Friday, January 13, 2006
I saw Raising Arizona - AGAIN, with some friends last week. I remember one month in the late 80's this movie was on HBO like every night. I joked that it was on about 25 times and I watched about 24 of those showings (not too far from the truth).
Reformed convict H.I. McDonough (Nicolas Cage) and his police officer wife Ed (Holly Hunter) steal a baby boy from a recently born litter of quintuplets because they can't have any of their own. A bounty is set on the baby's return by his father Nathan Arizona (Trey Wilson). This sets off a series of zany conversations and bizarre chase scenes. Of course the plot is completely secondary to the great music, over-the-top performances, and quotable dialogue.
I liked 'The Big Lebowski' and loved 'O Brother Where art Thou' but this is easily the Coen brothers' funniest movie. It is the rarest of comedy feats, a movie that stays funny after repeated viewings. There are scenes that become funnier the more you think about them. Like when escaped convicts Gail (John Goodman) and Evelle (William Forsythe) are shown listening to what sounds like a children's record in a drunken stupor admist about 30 empty beer cans. Sometimes its a running gag, like the opening montage where Hi repeatedly is caught for attempting to rob the same convenience store. I can't explain why its funny, it just is.
This is where the Coen brothers' other films have run into problems for me. Sometimes their characters are just so stylized that they seem completely alien and its hard to be invested in them ('The Ladykillers' and 'Intolerable Cruelty' come to mind here). The characters in 'Raising Arizona' however, happily avoid this fate. These are not realistic performances, mind you, Hi, Ed, and the rest of the cast are often treated as cartoon characters. The opening montage, for example, is pure Wile E. Coyote. Yet somehow, I really empathized w Hi & Ed, a testament to a pair of brilliant performances.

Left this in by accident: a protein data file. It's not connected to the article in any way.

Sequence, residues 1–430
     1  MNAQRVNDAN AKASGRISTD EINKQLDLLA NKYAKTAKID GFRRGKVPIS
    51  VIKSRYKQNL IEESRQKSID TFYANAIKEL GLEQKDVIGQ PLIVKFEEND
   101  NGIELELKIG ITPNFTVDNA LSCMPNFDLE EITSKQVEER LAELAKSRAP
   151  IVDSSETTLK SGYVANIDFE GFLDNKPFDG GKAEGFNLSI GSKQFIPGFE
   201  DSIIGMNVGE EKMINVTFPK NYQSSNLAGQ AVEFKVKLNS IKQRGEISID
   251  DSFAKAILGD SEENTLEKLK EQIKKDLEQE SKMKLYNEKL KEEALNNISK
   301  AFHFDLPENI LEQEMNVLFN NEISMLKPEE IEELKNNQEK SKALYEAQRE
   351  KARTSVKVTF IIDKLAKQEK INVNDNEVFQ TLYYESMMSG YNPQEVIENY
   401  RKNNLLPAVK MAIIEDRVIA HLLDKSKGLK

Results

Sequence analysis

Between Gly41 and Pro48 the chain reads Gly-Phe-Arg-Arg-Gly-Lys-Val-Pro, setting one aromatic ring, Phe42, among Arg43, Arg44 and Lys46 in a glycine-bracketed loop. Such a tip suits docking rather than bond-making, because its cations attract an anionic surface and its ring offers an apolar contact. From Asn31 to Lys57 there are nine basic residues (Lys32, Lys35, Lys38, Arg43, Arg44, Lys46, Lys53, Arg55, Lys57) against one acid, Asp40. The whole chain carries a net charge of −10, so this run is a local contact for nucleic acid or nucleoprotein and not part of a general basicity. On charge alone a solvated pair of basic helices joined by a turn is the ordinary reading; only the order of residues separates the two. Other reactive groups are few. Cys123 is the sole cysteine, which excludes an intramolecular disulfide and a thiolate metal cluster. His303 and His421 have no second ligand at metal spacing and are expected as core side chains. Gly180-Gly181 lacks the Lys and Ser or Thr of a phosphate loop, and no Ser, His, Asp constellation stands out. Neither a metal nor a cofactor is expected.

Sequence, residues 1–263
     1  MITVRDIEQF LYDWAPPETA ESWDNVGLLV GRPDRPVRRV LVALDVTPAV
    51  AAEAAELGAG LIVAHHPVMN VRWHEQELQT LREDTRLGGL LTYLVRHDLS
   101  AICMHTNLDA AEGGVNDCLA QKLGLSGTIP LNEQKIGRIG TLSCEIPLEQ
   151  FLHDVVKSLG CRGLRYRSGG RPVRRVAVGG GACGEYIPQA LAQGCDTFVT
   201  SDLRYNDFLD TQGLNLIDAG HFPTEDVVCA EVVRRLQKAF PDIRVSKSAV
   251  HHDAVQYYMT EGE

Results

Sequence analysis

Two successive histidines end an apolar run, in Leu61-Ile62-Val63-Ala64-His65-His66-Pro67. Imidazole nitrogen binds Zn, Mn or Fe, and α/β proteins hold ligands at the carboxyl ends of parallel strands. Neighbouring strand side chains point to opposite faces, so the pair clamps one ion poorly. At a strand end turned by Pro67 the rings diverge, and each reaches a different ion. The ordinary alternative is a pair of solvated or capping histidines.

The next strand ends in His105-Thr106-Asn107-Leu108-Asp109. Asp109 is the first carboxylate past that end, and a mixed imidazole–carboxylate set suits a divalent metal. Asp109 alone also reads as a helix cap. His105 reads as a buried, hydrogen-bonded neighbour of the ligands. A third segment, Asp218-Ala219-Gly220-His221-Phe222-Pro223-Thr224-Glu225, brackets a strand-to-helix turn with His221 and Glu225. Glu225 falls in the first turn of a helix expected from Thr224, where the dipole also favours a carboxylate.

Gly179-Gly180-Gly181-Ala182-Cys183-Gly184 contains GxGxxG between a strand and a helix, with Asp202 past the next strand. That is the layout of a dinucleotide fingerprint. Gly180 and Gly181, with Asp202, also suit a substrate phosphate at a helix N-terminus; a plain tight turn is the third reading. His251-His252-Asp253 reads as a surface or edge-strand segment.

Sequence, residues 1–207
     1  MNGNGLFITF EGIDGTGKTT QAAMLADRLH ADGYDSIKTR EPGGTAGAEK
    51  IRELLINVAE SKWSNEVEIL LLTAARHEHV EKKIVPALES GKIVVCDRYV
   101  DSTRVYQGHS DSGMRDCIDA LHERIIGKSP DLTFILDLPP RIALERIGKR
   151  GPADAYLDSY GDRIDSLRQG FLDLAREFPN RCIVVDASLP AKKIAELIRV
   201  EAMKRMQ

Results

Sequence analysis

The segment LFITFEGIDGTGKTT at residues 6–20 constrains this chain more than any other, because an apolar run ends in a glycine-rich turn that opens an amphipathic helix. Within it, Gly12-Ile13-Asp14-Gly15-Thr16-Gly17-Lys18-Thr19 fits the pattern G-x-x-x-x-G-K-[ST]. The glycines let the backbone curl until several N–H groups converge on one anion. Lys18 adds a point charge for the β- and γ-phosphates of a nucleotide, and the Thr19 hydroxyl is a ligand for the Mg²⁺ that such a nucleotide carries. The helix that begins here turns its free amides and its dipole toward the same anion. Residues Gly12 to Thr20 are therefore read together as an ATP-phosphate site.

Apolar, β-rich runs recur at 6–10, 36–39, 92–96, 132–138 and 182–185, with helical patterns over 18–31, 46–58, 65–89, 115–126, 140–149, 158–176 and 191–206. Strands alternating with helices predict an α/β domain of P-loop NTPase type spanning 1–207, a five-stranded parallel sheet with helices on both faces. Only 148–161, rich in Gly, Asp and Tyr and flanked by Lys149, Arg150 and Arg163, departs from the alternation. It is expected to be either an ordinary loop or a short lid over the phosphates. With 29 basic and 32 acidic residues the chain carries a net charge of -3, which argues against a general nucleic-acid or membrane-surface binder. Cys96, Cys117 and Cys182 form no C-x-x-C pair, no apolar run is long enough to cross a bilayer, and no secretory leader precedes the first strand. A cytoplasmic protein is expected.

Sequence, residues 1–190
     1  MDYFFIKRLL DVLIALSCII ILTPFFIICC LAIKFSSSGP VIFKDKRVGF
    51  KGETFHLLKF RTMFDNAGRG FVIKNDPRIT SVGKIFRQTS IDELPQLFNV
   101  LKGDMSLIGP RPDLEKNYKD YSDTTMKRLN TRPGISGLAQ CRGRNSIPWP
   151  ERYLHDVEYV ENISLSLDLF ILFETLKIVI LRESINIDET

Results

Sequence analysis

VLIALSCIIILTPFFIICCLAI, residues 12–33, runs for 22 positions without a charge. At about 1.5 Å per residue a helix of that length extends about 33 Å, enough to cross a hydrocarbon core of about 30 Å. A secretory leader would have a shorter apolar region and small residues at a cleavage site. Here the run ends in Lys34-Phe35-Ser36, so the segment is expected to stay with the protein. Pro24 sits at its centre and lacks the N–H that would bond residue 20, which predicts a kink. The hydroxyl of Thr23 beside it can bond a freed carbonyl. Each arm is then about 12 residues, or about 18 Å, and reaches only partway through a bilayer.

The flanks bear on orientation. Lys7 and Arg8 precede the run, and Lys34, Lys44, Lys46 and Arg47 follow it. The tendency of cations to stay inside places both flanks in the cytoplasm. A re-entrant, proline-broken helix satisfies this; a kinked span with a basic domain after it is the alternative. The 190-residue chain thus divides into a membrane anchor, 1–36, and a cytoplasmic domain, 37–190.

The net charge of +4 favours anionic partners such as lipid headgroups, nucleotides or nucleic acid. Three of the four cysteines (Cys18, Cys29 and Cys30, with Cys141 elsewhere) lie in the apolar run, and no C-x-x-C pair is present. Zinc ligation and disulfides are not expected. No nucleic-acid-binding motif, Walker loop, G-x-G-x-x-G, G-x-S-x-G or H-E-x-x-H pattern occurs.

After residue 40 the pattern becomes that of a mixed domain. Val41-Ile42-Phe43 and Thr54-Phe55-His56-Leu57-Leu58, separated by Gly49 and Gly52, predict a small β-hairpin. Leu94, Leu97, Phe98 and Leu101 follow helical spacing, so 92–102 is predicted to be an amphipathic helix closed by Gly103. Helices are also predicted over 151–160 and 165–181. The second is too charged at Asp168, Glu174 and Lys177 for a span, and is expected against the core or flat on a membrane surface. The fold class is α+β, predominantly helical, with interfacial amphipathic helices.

Off the charts. Randall 'Tex' Cobbs plays bounty hunter Leonard Smalls, who is just about the meanest, grimiest biker ever put on film. Leonard blows up small animals off the side of the road as a matter of course.
There's a chase scene involving heavily armed store clerks, cops, dogs, and bag of diapers that needs to be seen to be believed.
The music by Carter Burwell mixes bluegrass banjoes with gothic organs and is absolutley haunting (it will stay in your head for days, and in my case, years).
Even the extras speak in a quotable, hyper-stylized manner ("Which is it young feller, you want I should freeze? Or you want I should get down on the ground? If I freeze I can't very well drop, and if I drop, I'm a gonna be in motion").
Like most Coen brothers' films, Raising Arizona exists in a hyper-real alternate universe where everyone speaks snappy dialogue. However, none, of their movies (with the exception of 'O Brother') is as immersive as this.
A lot of this has to do with the pacing, the film is lilsted at 94 min long, but it feels more like 30. There are no wasted scenes. The dialogue itself is extremely efficient, much is accomplished with each scene. In addition, The characters all speak with thick accents, there is a real sense of locale that is transporting. I have a real hard time getting up during this movie.
The plot is not unconventional, but the pacing really helps how much the twists drew me into this one.
Some of the surreal dream sequences, paired with the unique music create some sense of awe.
Randall 'Tex' Cobb is one scary mofo in this movie, while his character has something of a silly side, I was surprised how much I dreaded him by the end.